MEPs devise strategy to tackle vaccine hesitancy among public

BMJ 2018; 360 doi: (Published 23 March 2018) Cite this as: BMJ 2018;360:k1378

Influenza vaccines and dengue-like disease

[Title modified on 11 April 2018 by Sharon Davies, The BMJ]

Last year’s influenza vaccine also contained the same H3N2 strain as this year’s vaccine (A/Hong Kong/4801/2014 (H3N2)-like virus). Many people would have developed long term IgE mediated sensitization to the H3N2 viral proteins due to last year’s vaccine [1–4]⁠. Those who received the Flublok vaccine can be expected to have an even stronger IgE response due to its 3X viral protein content [5,4]⁠. This year’s vaccine H3N2 proteins would have been neutralized by these IgE antibodies. Thus resulting in the observed low vaccine efficacy. [6⁠]

When a person making anti-H3N2 IgE is infected with H3N2, one can expect the course of the flu to be significantly worse. So the “cytokine storm” being observed in severe cases is likely to be an infection concurrent with an allergic reaction. Death is caused by anaphylactic shock but due to the presence of an infection, it is wrongly classified as septic shock.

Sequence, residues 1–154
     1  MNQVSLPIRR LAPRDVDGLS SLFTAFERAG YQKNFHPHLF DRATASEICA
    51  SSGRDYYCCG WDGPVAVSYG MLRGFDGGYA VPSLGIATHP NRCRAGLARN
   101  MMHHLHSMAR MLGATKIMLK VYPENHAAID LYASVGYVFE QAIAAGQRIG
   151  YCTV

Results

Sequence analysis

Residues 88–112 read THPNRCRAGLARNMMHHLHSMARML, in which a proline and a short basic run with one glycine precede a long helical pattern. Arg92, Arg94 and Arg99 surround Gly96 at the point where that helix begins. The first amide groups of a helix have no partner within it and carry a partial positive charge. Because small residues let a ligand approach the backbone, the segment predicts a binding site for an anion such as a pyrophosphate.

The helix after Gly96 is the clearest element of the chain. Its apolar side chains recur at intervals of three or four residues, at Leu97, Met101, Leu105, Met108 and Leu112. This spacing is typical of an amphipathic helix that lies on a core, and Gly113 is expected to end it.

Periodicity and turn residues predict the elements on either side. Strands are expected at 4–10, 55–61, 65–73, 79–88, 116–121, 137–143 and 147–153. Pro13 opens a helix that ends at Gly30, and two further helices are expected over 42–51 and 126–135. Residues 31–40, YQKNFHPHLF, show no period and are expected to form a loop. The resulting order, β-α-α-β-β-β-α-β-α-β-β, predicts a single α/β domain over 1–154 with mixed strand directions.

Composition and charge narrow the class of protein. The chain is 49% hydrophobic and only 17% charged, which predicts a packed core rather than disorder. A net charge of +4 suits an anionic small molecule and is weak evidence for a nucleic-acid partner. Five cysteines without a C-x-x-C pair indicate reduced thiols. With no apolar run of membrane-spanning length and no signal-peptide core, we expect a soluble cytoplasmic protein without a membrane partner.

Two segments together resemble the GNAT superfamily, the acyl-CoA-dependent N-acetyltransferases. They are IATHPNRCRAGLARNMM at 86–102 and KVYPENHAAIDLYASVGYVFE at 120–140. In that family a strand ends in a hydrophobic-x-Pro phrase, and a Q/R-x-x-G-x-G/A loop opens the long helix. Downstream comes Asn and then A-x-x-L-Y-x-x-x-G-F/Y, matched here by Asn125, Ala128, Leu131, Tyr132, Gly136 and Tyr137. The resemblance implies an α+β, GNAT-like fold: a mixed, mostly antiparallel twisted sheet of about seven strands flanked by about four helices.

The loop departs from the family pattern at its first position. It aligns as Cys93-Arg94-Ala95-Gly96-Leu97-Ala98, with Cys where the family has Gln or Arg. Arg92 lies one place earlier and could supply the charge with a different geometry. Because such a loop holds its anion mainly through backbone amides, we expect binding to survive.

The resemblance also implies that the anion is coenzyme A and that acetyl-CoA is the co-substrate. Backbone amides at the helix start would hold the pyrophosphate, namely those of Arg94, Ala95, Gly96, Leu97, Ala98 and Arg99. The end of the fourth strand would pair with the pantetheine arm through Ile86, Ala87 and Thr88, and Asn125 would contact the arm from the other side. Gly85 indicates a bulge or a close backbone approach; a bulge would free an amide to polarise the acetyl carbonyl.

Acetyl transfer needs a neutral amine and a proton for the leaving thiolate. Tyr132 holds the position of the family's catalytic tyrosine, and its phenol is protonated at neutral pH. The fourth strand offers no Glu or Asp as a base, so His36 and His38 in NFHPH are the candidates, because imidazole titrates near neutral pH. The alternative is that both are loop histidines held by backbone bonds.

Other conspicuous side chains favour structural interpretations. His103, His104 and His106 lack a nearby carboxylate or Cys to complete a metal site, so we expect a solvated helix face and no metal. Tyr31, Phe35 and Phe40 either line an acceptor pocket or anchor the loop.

In the case of food allergy for example, the allergen exposure can be large enough to cause an immediate hypersensitivity reaction and anaphylactic shock within minutes/hours. In the case of influenza allergy, it may take a day or two for the virus to replicate and produce enough viral exposure for anaphylaxis. So the anaphylaxis unfolds over a couple of days.

“Self-reported vaccination for the current season was associated with a trend (P < 0.10) toward higher viral shedding in fine-aerosol samples; vaccination with both the current and previous year’s seasonal vaccines, however, was significantly associated with greater fine-aerosol shedding in unadjusted and adjusted models (P < 0.01). In adjusted models, we observed 6.3 (95% CI 1.9–21.5) times more aerosol shedding among cases with vaccination in the current and previous season compared with having no vaccination in those two seasons.” [7⁠]

This result makes a lot of sense. When you have influenza virus allergy and are infected, you have more mast cell degranulation, more histamine, more mucus, more sneezing, more viral shedding.